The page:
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Ira Vinson "Jack" Birdwhistell

Baseball & Me

Ed: Self-written document on his love of baseball. 



            My life with baseball began when I was about ten years old, living at 564 South Main Street. Gary Gillis’s family moved next door, and immediately softball games began in our back yard, involving boys (and a few girls) from all over Lawrenceburg. The area seems very small today, but often as many as twenty kids played wild games on summer afternoons. I recall Jimmy McBrayer, Sandy and Mac Goodlett, Charlie Cammack, Bob McAnly, Billy Hahn, Glen Baxter, Mark van Tassel, Jewell and Donnie Sutherland, Tom and Sheila Smith. Because of my size and lack of speed, my position was first base. I wasn’t much of a hitter.

            One very vivid memory: the birthday party of my friend Wayne Hanks, held at the Fairgrounds baseball park when I was about ten. I made it to first base, and, when the next batter hit a grounder I took off toward second base. Jimmie (Red) Jeffries, a really superb ballplayer, was playing shortstop for the other team. He fielded the ball, came flying across the bag to make the throw to first, but saw that I was slowly making my way to second, standing straight up. Every good shortstop knows to throw the ball right at the runner’s head to make him get down–‘Red’ did (throw it) and I didn’t (get down). The result–a pair of broken glasses, a cut nose, and one really embarrassed ten-year old. Whenever in my ball playing career that happened again, I would make a hard right turn and head for the outfield to avoid future throws.

            About the same time I became aware of professional baseball. For some reason, my favorite player was Mickey Mantle, my favorite team the Yankees, and my ten year old summer (1956) was the year ‘The Mick’ won the Triple Crown in the American League. In those days there was a daily radio broadcast, the ‘Mutual Radio Game of the Day (always a day game) and on days when no kids showed up to play ball, I’d lie on the floor in our ‘front room’ and keep score of the day’s game–especially if it involved the Yankees. I was vaguely aware there was a team in Cincinnati, but that was about it for the Reds, who in those days hit bunches of home runs but won only about half their games. I do recall, however, standing by my dad in our tiny bathroom while he shaved, listening to Waite Hoyt and Jack Moran call the Reds games on the radio. They were sponsored by Burger Beer, and I’m certain, to my mother’s great displeasure, one of the first songs I learned was the Burger theme song.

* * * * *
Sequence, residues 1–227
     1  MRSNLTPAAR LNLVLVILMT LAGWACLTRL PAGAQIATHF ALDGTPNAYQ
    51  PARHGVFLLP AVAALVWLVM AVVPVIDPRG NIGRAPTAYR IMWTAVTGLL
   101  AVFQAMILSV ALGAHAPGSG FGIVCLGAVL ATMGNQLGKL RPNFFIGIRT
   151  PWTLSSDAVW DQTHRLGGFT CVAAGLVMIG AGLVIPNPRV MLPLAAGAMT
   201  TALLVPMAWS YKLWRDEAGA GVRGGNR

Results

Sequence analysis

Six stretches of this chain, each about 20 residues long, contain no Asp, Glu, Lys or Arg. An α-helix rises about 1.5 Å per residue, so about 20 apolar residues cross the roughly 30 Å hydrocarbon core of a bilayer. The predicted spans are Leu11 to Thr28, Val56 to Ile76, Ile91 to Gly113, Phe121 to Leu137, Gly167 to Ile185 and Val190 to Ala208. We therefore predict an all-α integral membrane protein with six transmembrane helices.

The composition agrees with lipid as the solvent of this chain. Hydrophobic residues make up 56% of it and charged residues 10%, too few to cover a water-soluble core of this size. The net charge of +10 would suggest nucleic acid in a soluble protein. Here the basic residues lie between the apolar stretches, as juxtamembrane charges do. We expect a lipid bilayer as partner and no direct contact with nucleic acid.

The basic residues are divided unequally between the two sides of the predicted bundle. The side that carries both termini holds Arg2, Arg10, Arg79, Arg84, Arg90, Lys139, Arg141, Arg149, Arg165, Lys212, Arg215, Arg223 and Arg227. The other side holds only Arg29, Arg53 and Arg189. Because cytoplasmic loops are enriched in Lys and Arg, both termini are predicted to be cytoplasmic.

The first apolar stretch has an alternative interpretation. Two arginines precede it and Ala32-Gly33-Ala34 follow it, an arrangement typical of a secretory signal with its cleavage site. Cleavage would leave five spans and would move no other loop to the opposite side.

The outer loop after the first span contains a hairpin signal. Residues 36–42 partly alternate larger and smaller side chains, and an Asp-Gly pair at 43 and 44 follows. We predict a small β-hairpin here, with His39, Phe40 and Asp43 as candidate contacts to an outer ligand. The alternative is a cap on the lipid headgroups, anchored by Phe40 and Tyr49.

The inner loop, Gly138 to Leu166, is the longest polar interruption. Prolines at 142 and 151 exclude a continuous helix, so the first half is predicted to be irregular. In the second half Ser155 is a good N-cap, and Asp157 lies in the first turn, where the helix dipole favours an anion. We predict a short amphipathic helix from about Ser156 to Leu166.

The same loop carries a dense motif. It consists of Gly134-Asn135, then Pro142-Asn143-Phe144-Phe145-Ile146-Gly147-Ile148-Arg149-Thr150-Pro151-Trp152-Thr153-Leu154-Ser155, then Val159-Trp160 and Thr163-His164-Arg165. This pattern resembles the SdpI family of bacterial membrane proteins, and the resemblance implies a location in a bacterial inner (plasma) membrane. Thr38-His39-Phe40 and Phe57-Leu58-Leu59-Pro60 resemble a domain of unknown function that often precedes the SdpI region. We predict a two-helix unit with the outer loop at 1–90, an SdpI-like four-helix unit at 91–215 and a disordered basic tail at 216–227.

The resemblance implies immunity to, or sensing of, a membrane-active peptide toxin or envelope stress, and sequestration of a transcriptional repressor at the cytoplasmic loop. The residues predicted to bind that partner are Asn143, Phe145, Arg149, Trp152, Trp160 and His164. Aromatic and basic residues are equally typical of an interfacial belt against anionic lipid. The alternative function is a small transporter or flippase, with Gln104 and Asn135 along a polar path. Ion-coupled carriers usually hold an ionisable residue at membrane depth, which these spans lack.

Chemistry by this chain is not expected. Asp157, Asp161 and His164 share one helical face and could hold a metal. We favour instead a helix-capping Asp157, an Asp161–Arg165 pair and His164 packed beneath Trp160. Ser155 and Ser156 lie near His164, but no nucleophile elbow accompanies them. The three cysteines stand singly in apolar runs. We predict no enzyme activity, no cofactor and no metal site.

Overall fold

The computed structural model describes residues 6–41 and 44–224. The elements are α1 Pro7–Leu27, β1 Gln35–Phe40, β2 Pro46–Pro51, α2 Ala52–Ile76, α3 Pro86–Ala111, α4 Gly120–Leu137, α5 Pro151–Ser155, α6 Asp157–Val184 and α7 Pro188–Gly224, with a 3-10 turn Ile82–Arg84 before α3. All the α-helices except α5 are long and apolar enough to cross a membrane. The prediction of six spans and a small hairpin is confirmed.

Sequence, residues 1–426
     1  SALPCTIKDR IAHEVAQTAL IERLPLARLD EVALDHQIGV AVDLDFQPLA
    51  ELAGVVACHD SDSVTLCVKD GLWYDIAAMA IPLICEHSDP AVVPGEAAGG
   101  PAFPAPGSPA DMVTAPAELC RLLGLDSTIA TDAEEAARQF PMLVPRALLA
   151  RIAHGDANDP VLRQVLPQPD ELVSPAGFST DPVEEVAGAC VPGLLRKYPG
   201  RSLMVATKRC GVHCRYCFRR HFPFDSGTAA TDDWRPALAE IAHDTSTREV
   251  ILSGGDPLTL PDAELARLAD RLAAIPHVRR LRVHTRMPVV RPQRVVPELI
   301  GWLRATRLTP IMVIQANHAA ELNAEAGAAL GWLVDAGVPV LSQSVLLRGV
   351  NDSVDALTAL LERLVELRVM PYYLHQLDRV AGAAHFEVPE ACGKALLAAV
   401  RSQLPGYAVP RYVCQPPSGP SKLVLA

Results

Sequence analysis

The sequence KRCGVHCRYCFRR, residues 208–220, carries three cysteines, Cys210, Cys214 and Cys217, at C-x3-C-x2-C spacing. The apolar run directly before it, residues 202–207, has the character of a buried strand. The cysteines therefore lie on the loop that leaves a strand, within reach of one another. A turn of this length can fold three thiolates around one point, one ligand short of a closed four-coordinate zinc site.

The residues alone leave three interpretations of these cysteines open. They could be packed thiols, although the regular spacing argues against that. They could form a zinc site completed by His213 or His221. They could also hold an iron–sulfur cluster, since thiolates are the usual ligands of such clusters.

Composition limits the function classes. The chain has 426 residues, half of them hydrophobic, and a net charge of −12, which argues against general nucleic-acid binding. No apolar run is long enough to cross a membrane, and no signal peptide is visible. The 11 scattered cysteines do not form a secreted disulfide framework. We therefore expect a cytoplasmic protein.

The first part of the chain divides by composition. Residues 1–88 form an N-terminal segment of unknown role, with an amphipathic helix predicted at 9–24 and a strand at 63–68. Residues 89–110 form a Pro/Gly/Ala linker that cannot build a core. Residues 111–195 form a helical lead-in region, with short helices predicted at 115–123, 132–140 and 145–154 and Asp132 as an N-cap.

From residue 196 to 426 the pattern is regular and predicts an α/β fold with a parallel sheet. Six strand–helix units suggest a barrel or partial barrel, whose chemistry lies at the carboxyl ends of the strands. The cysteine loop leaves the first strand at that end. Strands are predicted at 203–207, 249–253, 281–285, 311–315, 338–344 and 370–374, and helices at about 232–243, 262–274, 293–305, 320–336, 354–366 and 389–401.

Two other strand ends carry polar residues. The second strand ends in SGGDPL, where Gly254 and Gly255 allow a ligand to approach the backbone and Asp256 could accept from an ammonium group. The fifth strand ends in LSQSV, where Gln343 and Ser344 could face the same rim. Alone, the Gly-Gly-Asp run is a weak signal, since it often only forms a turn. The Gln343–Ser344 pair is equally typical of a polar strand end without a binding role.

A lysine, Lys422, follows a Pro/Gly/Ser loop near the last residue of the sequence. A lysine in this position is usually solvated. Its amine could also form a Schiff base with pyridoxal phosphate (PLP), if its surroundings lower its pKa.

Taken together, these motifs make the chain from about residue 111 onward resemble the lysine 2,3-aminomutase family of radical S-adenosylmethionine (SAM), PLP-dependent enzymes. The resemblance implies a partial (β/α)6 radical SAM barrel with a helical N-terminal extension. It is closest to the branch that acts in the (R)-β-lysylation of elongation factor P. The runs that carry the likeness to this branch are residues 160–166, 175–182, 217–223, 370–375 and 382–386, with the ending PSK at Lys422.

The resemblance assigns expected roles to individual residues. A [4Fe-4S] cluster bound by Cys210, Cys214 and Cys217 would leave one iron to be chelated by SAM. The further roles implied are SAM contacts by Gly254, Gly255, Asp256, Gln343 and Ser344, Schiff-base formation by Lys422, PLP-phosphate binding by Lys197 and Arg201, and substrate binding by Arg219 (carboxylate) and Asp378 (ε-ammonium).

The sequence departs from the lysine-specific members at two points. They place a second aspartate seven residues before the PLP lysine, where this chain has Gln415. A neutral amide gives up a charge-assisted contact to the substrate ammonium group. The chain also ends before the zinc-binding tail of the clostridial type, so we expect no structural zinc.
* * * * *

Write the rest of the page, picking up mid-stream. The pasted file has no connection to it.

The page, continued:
Not long after, we got our first TV, a small black and white Capehart brand. This was the era of the Saturday Game of the Week (some years there was a Sunday game as well). ‘Dizzy’ Dean and ‘Pee Wee’ Reese were the announcers. When CBS bought the Yankees, this became the ‘Yankee Game of the Week,’ which suited me just fine.

            I also became a fanatic collector of Yankees baseball cards, none of which survive, unfortunately. For some reason I recall opening a bubble gum pack at my dad’s old grocery store on Court Street, and finding a Bob Cerv card to complete my Yankee set.

            The summer I turned twelve (1958), there was great excitement among us kids–Little League Baseball was coming to Lawrenceburg! It was really low-budget Little League–we had only caps, no uniforms, and played on a vacant lot near the elementary school on Saffell Street. I’ll always remember the men who gave of their time and effort so we could play ball: ‘Freck’ Sullivan, Pete McDonald, Cecil McFarland, Jim Boyd, Tom Catlett and Jim Catlett (my coaches), Billy Bean, and many more. Since I was the biggest kid on the team, I became the catcher. I had quite a time finding a catcher’s mask to would accommodate my ever present glasses. I wasn’t too bad. I was able to stop most everything, since I wasn’t quick enough to get out of the way! Not much of an arm, though. And if I got a hit it was an accident, because I was leery of the ball and couldn’t see it very well, anyway. One of my most fervent prayers as a twelve-year-old was, ‘Lord, please just let me hit the ball.’

            There were some very fine ball players in our league: Darrell Crawford, Glen Baxter, Gary Samples, Mark van Tassell, Jimmy McBrayer, Jackie Morris (who had the biggest first baseman’s mitt I have ever seen!), Billy Robinson, Johnny Whitehead. At the end of the season we played a couple of All-Star games against a team from Frankfort, which had had Little League for some years. They even had uniforms!